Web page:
WASHINGTON—The U.S. has stopped providing bomb-sniffing dogs to Egypt and Jordan after an investigation disclosed that several dogs in those countries died because of mistreatment and neglect, U.S. officials said Monday.
The report was triggered by a whistleblower complaint and was published by the State Department Office of the Inspector General on Friday, prompting the department’s response Monday.
The inspector general found that two dogs died in Jordan as a result of neglect and mistreatment this year, including one death caused by heat stroke and another by poisoning from an insecticide. A veterinarian told investigators that heat stroke was a preventable and especially terrible way for a dog to die.
In addition, three out of 10 dogs provided to Egypt in August 2018 have died, the inspector general’s report found. The Egyptian authorities to date have refused to grant U.S. personnel access to the dogs or their kennels. The U.S. Embassy has requested complete medical reports for the three dogs that died this year.
“Any death of a canine in the field is an extremely sad event and we will take every measure possible to prevent this from happening in the future,” a senior State Department official told reporters on Monday.
The deaths in Jordan occurred despite the presence of four State Department mentors in the country, hired to monitor the dogs. According to an earlier report by the inspector general, keeping two mentors in Jordan for three years cost the State Department $500,000 annually starting from 2017, while keeping a veterinarian in Jordan cost $540,000 in 2018.
The report said the State Department also repossessed 10 dogs from Morocco after finding the dogs weren’t being used for their intended purpose.
There are about 135 U.S.-provided bomb-sniffing dogs overseas in Egypt, Jordan, Oman, Bahrain, Lebanon, Nepal, the Dominican Republic and Afghanistan.
Officials from Egypt and Morocco didn’t respond to requests for comment.
An official at the Embassy of Jordan in Washington declined to comment on the U.S. decision to halt the program.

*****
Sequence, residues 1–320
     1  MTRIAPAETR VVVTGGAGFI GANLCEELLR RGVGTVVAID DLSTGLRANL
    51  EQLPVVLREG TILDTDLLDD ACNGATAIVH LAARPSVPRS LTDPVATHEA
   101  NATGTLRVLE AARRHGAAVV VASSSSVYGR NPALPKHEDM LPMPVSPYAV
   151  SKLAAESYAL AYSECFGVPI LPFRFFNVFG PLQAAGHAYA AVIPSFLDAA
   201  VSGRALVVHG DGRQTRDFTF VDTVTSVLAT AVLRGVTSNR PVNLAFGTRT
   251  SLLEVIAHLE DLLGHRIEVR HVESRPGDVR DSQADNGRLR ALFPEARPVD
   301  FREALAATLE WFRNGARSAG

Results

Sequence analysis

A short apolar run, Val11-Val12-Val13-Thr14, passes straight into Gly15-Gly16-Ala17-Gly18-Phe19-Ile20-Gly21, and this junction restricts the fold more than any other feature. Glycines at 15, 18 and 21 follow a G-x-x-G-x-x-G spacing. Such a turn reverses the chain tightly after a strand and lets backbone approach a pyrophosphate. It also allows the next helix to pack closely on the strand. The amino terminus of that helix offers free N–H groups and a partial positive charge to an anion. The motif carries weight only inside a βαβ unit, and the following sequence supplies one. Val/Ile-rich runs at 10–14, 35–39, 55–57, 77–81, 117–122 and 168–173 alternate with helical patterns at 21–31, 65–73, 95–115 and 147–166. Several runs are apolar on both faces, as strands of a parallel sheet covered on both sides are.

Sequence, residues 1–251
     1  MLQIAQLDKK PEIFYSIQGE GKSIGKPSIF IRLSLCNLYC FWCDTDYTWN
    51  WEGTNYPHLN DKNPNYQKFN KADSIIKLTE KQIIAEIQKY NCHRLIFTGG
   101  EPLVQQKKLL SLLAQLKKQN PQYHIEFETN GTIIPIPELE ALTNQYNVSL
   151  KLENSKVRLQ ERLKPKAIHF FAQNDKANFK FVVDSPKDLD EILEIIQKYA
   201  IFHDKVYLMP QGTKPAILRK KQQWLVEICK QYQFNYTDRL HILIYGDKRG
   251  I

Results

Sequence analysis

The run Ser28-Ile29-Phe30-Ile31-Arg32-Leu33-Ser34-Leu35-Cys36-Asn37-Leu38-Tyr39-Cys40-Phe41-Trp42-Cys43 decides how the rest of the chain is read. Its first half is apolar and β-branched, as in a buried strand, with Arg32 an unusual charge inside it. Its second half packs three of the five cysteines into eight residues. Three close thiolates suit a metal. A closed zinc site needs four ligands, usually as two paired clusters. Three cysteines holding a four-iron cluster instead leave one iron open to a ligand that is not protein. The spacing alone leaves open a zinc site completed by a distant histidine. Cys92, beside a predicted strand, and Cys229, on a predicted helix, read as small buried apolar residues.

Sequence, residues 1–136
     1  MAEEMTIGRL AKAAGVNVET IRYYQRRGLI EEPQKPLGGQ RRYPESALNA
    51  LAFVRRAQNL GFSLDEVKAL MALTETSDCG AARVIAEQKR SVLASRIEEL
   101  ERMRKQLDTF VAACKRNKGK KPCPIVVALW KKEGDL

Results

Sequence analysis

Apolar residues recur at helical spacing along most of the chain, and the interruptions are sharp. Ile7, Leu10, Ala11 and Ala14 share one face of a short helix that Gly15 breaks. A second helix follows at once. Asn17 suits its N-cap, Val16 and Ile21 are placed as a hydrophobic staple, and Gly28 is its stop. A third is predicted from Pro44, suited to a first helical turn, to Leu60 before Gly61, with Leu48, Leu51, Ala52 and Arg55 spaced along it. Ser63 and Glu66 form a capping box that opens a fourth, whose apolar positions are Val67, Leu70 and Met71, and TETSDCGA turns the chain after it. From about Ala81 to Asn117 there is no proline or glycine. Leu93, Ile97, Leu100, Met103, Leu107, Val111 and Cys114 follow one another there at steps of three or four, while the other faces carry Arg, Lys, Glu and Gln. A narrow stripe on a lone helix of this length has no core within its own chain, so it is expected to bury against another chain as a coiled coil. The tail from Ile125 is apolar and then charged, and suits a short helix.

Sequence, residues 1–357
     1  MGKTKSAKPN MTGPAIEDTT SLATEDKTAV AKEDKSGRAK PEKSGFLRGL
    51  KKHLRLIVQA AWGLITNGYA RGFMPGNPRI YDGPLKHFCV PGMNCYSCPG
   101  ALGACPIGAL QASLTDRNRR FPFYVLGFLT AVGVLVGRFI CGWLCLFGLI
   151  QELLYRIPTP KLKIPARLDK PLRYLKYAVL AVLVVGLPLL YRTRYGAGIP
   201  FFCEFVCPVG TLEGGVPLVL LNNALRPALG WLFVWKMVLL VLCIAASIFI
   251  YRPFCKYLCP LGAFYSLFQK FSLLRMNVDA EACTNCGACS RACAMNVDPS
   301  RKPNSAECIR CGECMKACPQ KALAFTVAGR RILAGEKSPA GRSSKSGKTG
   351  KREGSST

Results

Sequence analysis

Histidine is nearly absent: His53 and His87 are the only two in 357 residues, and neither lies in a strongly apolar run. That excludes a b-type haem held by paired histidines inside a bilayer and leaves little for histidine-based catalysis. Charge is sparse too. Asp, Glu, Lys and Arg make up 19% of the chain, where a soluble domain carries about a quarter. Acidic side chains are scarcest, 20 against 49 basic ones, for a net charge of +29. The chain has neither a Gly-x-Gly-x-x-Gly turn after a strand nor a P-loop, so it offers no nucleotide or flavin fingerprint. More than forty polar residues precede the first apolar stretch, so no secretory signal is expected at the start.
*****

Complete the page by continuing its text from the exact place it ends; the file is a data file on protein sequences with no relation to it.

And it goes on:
The State Department provides training, equipment and dogs, known by their technical term “explosive detection canines” (EDCs) to partner countries to help enhance their law enforcement programs. The dogs are used to detect explosive material in places such as airports, embassies and land borders.
The program is implemented by the State Department’s office of Antiterrorism Assistance (ATA) and has cost millions of dollars in recent years. A 30-day training program for 10 canine teams costs $640,000, a U.S. official said Monday.
Jordan has been the top recipient of bomb-sniffing dogs, receiving an additional 20 dogs under the State Department’s Antiterrorism Assistance program since September 2018, even after concerns were raised about the program.
Friday’s inspector general’s report followed a report by the same office in September, which documented the mistreatment of bomb-sniffing dogs provided to foreign countries, and found problems with the program. It included details on disturbing conditions in Jordan, such as pictures of emaciated dogs and filthy kennels that allowed the spread of deadly diseases.
After the inspector general issued the September report, the Jordanian embassy released a statement saying that Jordan takes the welfare of its security working dogs very seriously and that it had opened an investigation into the allegations.
After the September report was published, a whistleblower contacted the inspector general to report additional deaths that the State Department had not disclosed to the Office of Inspector General.
The State Department official said the delay reporting the deaths had occurred because it took time to gather the information.
“One, we have to have a verification process, there are many canines in country,” the official said. “So you have to do your research, you have to find out, you have to clarify, you have to verify and talk with host government before we can make any formal report.”
My letter to the Journal:
Regarding “U.S. Halts Bomb-Sniffer Dog Program After Deaths in Egypt, Jordan,” to what end is the $500,000 spent on this program beneficial to U.S. tax payers?
Are Jordanians and Egyptians incapable of raising and training dogs? I know President Trump’s promise to bring our troops home will never come true. But what if we start small?
Maybe the photo of a starving dog will bring more compassion than flag draped coffins and decimated cities.
Love, Fritz Groszkruger